The ponds are handed down through the generations, since Incan times, and are not allowed to be sold. My tour guide and the president of the Association looked like a blast from Incan past! These salt farmers do not receive a fair price for this beautiful product, but instead sell to others who have the wherewithal to export. I am hoping we can change this.

On Monday, I visited the women of Paccarectambo, a two-hour butt-numbing dirt road ride up into the Andes towards the Sacred Valley. An 8-year project with a local NGO has helped create a women-owned business that supports over 400 women and their families in six neighboring communities.

I am in love with these women! With little to no education they have turned their lives around from having no economic power, to making the money necessary to send their children to school and improve their basic needs AND to actually employing their husbands!

They produce medicinal teas based on ancient recipes and native herbs – everything organic. Unfortunately folks in Peru could care less about organic, and these women desperately need a market to sustain their business, and continue to motivate more women in these resource-strapped communities.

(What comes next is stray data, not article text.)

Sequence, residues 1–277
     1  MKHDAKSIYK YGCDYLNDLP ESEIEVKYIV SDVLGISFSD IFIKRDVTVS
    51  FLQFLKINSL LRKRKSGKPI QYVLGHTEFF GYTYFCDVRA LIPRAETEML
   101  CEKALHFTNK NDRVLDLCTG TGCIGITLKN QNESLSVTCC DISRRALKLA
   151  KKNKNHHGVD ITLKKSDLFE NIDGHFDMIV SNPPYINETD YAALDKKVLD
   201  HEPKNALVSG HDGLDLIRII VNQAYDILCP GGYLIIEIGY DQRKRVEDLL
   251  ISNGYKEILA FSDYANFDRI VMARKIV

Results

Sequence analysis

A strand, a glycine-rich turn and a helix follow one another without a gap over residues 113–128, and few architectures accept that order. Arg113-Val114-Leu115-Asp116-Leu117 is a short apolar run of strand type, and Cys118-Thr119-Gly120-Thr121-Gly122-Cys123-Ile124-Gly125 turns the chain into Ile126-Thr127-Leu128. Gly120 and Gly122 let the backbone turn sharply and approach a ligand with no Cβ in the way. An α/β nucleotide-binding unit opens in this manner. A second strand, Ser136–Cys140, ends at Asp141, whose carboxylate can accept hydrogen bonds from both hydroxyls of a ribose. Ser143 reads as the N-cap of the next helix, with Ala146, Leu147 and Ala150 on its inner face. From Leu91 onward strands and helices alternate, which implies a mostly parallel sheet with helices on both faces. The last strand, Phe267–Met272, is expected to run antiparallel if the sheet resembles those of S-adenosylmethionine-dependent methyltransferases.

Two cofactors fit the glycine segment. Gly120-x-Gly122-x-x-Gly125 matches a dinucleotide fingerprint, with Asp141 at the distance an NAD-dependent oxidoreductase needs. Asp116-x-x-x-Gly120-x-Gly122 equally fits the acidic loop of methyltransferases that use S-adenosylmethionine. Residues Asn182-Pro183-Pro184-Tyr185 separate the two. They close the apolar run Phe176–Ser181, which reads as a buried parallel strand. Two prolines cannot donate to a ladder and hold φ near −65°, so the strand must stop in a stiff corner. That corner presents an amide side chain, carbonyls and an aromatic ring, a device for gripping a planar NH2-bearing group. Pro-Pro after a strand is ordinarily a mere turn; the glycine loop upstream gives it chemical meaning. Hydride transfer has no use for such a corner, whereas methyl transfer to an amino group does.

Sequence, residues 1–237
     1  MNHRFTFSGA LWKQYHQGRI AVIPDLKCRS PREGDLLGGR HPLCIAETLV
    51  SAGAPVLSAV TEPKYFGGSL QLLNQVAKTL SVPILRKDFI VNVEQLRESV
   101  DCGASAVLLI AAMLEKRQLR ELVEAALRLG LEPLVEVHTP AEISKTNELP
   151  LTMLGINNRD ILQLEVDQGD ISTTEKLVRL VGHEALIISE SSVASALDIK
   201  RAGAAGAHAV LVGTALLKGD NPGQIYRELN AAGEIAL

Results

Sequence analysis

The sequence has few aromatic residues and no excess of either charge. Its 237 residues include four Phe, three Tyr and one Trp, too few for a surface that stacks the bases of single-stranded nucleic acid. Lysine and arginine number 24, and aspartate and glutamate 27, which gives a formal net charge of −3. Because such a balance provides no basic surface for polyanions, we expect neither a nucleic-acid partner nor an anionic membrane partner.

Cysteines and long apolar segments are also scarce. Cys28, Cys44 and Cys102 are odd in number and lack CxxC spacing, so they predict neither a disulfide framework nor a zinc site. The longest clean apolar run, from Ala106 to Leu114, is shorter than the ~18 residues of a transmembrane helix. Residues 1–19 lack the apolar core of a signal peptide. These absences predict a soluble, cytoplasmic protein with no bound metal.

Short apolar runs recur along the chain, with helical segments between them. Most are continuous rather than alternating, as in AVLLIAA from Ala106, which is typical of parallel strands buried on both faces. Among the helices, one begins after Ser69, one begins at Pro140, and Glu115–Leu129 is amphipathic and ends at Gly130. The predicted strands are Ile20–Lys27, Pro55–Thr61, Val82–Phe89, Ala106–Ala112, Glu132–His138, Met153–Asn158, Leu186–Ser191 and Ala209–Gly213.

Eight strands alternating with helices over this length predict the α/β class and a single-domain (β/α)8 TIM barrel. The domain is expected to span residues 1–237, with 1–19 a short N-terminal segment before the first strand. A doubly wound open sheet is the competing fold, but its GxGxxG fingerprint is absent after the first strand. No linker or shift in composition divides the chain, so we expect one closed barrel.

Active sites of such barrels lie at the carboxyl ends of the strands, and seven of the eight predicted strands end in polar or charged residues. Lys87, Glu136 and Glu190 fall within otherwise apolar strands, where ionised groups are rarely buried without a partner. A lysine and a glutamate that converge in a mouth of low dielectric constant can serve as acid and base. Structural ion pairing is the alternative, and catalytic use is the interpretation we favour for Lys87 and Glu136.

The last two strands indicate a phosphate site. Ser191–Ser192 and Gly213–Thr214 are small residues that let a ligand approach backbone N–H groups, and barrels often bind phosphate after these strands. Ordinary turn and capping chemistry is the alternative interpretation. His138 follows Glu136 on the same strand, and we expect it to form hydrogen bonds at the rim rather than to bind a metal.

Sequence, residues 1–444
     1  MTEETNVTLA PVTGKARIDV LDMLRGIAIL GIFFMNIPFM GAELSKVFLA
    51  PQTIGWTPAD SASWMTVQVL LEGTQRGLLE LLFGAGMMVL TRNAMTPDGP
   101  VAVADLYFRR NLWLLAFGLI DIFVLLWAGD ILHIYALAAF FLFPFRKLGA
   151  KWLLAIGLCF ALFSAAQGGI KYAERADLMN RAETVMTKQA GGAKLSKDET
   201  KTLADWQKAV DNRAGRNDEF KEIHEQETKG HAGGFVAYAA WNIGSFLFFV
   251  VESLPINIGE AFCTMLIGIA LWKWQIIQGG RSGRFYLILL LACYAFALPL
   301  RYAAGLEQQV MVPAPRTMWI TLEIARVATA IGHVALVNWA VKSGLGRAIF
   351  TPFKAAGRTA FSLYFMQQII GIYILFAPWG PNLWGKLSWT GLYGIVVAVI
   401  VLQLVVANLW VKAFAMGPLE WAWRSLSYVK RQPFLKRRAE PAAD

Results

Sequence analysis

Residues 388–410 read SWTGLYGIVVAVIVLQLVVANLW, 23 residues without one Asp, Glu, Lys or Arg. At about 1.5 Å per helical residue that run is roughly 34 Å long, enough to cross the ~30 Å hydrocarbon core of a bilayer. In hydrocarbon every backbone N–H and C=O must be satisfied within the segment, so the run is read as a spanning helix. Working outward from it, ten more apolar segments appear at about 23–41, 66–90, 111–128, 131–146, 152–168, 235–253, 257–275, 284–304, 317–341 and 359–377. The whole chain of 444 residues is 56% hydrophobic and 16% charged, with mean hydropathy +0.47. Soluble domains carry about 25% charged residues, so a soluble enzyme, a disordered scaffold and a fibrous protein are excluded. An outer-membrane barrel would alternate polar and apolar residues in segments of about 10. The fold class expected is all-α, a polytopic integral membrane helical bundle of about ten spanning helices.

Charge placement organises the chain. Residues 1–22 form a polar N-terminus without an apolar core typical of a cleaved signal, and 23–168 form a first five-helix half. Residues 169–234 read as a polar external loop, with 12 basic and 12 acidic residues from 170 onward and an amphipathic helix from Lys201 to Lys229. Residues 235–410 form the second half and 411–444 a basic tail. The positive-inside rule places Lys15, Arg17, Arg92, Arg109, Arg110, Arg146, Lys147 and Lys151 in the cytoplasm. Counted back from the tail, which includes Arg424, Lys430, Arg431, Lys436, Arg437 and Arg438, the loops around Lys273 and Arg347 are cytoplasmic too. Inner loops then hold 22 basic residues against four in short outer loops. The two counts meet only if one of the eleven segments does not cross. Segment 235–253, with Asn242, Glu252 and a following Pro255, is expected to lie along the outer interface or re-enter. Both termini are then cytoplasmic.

Everywhere I go in these high mountains, I am continually blown away by the ancient knowledge of the medicinal properties of the local flora. Herbs, roots, flowers – everything has a use. And most of these areas have never been touched by pesticides or GMO crops.

It is a wonderland for food lovers. With a little luck and a lot of hard work, we will soon be able to offer many of these products to foodies in the US, and in the process contribute to the creation of self-sustaining communities in Peru.

Apple-Pear Spice Cake

This tasty cake can be left plain or topped with streusel for a morning treat or dressed up with frosting to make a lovely dessert.